Most equine competitions that are judged on the subjective view of judging experts involve a critical analysis of the performance of a horse and/or rider either through the execution of specific movements or the negotiation of a pre-determined course.
Every governing body of any horse sport promotes ethical training as well as the best practices that benefit both the horse and ensures peak performance. It is included in every mission statement and nearly all the promotional material. I believe most of it is sincere but some are purely for to make the sport look ethical.
Yet, despite these good intentions so many horse sports are riddled with widespread poor practices. Heavy-handed and sometimes abusive training methods are so often used with the intent to produce soft and energetic performances in the competition ring that it has become an epidemic. We all know this. We’ve seen the headlines and the debates and witnessed it with our own eyes.
So when Laura Dickerson and I were talking around the breakfast table a few days ago and she made such a common-sense proposal, my insides shouted a loud YES.
To paraphrase Laura she asked me, “Why don’t they include marks for the warm-up into the final marks?”
I had heard this suggestion many years ago on a horse forum but didn’t give it much thought at the time. However, the more I think about it the more I think it is an excellent idea.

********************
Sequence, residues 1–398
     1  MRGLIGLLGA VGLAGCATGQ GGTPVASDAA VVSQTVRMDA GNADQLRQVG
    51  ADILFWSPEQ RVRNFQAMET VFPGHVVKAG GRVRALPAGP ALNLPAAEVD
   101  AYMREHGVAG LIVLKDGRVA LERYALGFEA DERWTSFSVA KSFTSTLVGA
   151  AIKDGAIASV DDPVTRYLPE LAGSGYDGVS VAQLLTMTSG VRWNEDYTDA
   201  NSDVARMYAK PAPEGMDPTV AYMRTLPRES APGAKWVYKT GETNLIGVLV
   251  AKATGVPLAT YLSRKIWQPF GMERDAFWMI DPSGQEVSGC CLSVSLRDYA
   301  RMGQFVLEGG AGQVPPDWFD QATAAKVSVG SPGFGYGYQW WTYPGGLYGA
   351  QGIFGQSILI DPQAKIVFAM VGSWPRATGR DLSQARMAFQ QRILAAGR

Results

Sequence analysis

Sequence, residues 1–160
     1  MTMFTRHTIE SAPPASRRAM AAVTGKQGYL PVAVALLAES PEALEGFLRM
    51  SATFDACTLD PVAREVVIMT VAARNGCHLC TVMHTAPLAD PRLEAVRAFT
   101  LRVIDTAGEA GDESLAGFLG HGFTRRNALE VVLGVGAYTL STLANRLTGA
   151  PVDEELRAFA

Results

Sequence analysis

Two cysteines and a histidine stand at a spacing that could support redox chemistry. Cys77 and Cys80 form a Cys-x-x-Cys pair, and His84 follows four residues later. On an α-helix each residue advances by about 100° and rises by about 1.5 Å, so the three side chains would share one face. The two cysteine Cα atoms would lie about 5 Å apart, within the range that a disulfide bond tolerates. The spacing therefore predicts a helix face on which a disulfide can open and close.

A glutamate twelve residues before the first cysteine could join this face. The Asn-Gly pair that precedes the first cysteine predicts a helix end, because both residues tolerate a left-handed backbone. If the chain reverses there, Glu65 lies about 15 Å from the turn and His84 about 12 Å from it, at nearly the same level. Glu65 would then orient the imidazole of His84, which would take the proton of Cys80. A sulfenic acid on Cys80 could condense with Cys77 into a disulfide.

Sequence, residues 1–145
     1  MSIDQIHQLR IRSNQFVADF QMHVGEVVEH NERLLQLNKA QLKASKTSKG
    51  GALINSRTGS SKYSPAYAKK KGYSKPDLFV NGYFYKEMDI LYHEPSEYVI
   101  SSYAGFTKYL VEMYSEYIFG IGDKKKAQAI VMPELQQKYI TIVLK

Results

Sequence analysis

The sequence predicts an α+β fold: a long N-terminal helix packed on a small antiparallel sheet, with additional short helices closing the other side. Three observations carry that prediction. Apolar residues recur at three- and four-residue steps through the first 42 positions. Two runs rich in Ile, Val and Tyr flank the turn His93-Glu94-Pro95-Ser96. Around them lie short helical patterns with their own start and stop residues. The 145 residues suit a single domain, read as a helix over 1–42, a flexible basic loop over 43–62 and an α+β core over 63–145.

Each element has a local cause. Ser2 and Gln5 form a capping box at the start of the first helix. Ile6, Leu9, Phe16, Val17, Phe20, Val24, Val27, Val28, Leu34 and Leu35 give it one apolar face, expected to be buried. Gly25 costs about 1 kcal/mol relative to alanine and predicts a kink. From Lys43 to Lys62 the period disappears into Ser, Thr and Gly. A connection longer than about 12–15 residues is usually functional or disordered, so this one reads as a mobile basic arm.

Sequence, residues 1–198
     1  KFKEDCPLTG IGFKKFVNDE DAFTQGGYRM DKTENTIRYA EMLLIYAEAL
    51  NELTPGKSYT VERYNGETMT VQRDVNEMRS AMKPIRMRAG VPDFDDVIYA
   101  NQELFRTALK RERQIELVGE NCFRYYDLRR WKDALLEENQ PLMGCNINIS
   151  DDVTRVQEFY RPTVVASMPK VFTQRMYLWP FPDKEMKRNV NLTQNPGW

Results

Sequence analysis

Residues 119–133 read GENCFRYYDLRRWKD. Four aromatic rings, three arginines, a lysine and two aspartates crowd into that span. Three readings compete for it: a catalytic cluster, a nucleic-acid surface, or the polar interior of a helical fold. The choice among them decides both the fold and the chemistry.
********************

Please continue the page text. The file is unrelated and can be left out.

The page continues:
If we as a horse-loving community truly want to improve both the plight of horses and the value of our sports, then we have to take more seriously the training process that goes into our favourite discipline. We judge the end result and satisfy ourselves that the road taken to get there is less important. But that mindset has given us things like hyperflexion, crank nosebands, draw reins, jump poles wrapped in barb wire, chemical blistering of legs, drugs and so on.
It’s obvious that official judging of a horses warm-up is not going to eradicate all the misdeeds that horses suffer during training, but if you have been a frequenter of watching horses being warmed-up before any event you have likely seen over tightened nosebands which are later loosened prior to an event or see-sawing of the reins or hyperflexion or over spurring or overuse of whips and other anti-good horsemanship practices; all this for the sake of warming up and tuning up a horse to make a good impression when the judges are actually judging.
I would even suggest judging during the warm-up session for objective events like jumping or barrel racing or campdrafting or eventing etc where penalties could be added or deducted from a horse’s score or times.
I see no downside to judging the warm-up session. I know many competitors will complain, but if we consider the practice of good horsemanship and horse welfare to be our main priority in all horse sports, it’s hard to argue against the idea of having the warm-up session count towards the final result.
Photo: This was taken during the warm-up of a Grand Prix dressage test. I believe this is the type of practice that would pay a high penalty if the warm-up sessions were scrutinized and counted towards a horse’s final score.